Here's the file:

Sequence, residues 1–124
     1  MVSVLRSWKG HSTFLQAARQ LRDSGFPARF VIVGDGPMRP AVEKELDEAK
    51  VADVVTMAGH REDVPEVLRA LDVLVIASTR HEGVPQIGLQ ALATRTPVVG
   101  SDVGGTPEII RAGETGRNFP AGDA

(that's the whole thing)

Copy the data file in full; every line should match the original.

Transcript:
Sequence, residues 1–124
     1  MVSVLRSWKG HSTFLQAARQ LRDSGFPARF VIVGDGPMRP AVEKELDEAK
    51  VADVVTMAGH REDVPEVLRA LDVLVIASTR HEGVPQIGLQ ALATRTPVVG
   101  SDVGGTPEII RAGETGRNFP AGDA